Monday, August 12, 2013

Travel Mondays: Is this the most stunning waterfall in Sri Lanka?

Dunhinda Falls is often regarded as one of the most beautiful waterfalls in Sri Lanka for its natural beauty. It derives it's name from the mist or vapor that comes off the spray of the waterfall. "Dun" in sinhala means smoke or mist, and "Hinda" in sinhala means evaporate.

It is located five kilometres from Badulla town, along the Badulla-Mahiyangana road. It is 210 feet or 64 metres high. The source of the waterfall is the river known as Badulu Oya which goes through the Badulla town. The Dunhinda Falls has the characteristics of both a plunge and punch bowl type waterfall. Plunge refers when the water drops over the waterfall it loses contact with the bedrock. Punch bowl refers to how the water coming off the waterfall widens as it drops from top to bottom.

Getting to Dunhinda Falls is pretty straightforward as it is easily accessible to visitors. You can't miss the entrance as it's perched on a nice bend in the road and surrounded by little stalls or shops, a small parking area (tickets cost ~ Rs 40 to park your car or van) and a lovely view of the mountains and surrounding area.

We visited on a quiet Sunday afternoon in July. In fact, it was well-past mid-afternoon when we arrived there. The good thing about arriving so late in the afternoon was the fact there were less people starting the trek at that time, especially for a Sunday; and we could easily enjoy the sunset on our trek back from the waterfall. However, bear in mind, we also had to bear with the fear of potentially having to trek back in the dark if we wanted to linger at the waterfall, due to our later arrival.

A few things to consider...

Firstly, it's about 1.2 kilometer trek from the entrance to the actual waterfall. You will note from the photos below that it is a bit of trek, scramble, climb and walk down some makeshift steps, metal bridges and rocky paths. So, be prepared and wear suitable footwear. For locals, going barefoot is quite the norm, whilst other travelers might prefer to wear hiking boots or something with more grip. In my case, I was wearing flip-flops as the soles of my runners had suddenly decided to fail me. I didn't encounter any problems wearing flip-flops, though I did remove them and go barefoot when climbing over some rocks and steep areas.

Secondly, my tip if you visit Dunhinda Falls is to arrive mid-morning with a picnic lunch (or buy snacks from the local vendors all along the path down to the waterfall) and enjoy a few hours at the waterfall. You can even enjoy a swim if you're up for it. Watch out for troops of monkeys if you're eating your picnic lunch as they are tricky and won't hesitate to take your food.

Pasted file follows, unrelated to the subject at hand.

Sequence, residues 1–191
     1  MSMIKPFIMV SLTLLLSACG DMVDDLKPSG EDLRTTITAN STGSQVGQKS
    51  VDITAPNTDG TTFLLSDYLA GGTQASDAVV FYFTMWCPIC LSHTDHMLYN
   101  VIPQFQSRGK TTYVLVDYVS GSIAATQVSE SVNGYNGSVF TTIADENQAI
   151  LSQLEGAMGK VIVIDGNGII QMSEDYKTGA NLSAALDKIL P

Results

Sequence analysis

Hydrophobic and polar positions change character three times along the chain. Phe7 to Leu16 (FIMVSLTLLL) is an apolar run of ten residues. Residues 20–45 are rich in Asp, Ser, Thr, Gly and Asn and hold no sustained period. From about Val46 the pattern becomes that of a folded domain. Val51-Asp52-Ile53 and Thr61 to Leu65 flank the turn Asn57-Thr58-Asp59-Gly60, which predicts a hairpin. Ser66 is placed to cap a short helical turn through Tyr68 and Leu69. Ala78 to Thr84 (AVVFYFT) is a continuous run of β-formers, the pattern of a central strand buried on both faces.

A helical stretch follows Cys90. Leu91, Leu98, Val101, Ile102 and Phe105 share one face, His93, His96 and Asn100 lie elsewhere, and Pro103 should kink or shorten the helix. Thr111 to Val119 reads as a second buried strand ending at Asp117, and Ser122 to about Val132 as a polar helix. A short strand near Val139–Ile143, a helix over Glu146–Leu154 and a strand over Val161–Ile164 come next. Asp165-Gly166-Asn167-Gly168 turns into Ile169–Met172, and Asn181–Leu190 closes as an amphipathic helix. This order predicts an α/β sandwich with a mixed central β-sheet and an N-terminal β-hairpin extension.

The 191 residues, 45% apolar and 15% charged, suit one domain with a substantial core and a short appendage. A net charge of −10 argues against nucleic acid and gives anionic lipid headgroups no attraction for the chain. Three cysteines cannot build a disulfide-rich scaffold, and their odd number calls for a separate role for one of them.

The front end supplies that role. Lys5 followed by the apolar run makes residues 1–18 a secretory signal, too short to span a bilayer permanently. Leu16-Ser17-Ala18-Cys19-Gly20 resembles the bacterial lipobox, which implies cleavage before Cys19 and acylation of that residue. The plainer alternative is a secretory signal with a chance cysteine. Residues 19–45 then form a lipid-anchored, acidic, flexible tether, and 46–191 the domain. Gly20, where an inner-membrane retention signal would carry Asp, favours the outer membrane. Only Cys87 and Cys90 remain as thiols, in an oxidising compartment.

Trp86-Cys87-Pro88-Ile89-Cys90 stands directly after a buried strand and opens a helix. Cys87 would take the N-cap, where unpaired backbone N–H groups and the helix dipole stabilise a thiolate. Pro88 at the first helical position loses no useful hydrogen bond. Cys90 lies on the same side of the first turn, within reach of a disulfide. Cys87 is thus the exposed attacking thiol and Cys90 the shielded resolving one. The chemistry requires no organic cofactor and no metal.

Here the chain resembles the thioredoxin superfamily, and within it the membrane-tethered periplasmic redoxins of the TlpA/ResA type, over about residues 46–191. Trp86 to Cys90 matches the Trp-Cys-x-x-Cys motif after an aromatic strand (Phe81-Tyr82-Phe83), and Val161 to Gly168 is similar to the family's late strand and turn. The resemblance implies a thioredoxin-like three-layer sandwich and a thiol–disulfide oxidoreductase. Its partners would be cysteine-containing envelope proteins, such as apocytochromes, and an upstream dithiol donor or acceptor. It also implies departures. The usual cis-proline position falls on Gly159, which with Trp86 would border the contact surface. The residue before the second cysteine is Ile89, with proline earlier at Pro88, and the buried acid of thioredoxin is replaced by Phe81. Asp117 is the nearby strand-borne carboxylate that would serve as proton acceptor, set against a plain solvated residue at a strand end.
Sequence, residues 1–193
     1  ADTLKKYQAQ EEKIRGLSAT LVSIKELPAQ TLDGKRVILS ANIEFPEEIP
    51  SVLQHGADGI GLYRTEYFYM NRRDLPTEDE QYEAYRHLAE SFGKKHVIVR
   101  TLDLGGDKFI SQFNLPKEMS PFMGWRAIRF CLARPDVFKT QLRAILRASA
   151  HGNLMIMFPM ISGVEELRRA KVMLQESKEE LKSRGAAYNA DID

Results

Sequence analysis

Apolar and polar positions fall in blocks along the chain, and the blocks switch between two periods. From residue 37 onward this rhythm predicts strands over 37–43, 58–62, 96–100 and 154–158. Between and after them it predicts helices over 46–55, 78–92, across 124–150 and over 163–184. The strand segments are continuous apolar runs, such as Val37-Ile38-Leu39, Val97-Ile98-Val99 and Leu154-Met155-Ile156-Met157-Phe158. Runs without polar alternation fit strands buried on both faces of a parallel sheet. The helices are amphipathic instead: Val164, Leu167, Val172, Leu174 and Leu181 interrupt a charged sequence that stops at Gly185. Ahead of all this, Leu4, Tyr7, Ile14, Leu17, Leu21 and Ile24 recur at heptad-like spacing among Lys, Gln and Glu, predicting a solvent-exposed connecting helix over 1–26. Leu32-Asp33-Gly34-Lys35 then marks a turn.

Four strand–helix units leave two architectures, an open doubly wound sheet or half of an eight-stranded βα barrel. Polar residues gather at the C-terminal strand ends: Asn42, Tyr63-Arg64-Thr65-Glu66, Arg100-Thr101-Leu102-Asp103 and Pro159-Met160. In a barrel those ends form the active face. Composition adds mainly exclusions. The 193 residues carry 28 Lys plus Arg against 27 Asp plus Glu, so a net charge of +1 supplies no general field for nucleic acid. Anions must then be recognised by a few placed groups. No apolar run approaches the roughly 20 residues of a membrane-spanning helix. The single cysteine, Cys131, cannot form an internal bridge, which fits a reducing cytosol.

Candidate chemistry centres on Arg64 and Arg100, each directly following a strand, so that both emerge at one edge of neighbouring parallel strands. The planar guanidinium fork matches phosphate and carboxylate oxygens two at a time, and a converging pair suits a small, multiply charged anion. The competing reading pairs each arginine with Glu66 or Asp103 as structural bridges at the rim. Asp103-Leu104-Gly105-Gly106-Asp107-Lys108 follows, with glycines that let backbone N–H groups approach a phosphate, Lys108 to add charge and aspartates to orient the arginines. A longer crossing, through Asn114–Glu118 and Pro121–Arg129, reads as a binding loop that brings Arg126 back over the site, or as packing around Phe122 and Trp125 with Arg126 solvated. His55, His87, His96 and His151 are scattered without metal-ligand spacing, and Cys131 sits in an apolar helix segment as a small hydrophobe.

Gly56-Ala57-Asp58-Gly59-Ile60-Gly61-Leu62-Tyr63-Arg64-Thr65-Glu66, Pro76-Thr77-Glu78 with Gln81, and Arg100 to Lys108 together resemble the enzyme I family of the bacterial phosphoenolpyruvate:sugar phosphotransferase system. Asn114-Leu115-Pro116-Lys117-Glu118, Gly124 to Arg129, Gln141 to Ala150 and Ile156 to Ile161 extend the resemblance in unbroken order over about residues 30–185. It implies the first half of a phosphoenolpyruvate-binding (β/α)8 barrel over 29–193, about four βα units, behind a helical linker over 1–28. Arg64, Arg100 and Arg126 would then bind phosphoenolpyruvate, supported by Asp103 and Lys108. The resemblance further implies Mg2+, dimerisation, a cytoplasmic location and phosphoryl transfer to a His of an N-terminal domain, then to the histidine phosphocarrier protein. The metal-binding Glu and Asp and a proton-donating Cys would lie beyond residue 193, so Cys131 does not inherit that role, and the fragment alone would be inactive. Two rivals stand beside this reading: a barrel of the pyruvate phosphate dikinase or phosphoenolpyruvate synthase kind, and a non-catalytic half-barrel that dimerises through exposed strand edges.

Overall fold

The trek down to Dunhinda Falls

Once you pass the entrance you will be greeted by numerous little stalls selling trinkets, souvenirs and refreshments. After passing through this area you basically start your trek. There is a sign for toilets just past this covered area that lead upwards. This is the only area for toilets that I observed.

As you walk further on you can glimpse the Kuda Dunhinda or small lower Dunhinda waterfall. I took this shot from an observation point at the end of the path.

Surprisingly, after passing another couple of makeshift stalls selling a variety of snacks and souvenirs, you come to a ticket office (*groan*)

Tickets are Rs 20 for locals (and those with residence visas) and Rs 200 for foreigners.

After this, it's basically walk, climb, trek, scramble... all the way down to the waterfall.

Take your time and walk carefully. I saw one guy twist his ankle on a rock, and another girl land awkwardly on uneven steps. Both looked to be in pain and discomfort.

I tried to take my time while enjoying the incredible views, but due to our later arrival I was a bit nervous about the trek back. Even though it's only a one kilometer trek down, it didn't seem all that quick given the rocky pathways. If you are intending to arrive in the mid to late afternoon, bring a torch just in case. I usually carry a torch with me when I go for a trek, so I felt a little prepared if we found ourselves trekking back in the dark.

Anyway, soon you get your first glimpse of Dunhinda Falls...

And then you really start to get closer... but there's still more to go!

Just a few more steps....

When you reach the bottom of the immediate steps there are a few more stalls selling refreshments and knick-knacks. If you take the immediate right, there is a path that will take you down to the actual waterfall where you then can climb the rocks to get to the water to enjoy a dip, or swim so you are directly under the spray of the waterfall. Magical!

And then, you've reached your destination. And what a phenomenal sight it is!

After taking in our fill, we made the trek back. There were a few birds chirping and flying around us, which was delightful. This one caught my eye and I took a quick shot.

The sun was slowly setting and we stopped a few times on the trek back up to enjoy the spectacular scenery, and to rest our weary legs.

In my opinion, if you could visit only one waterfall in Sri Lanka, this one would be it! It's an enjoyable trek as well as a stunning location. Highly recommended!

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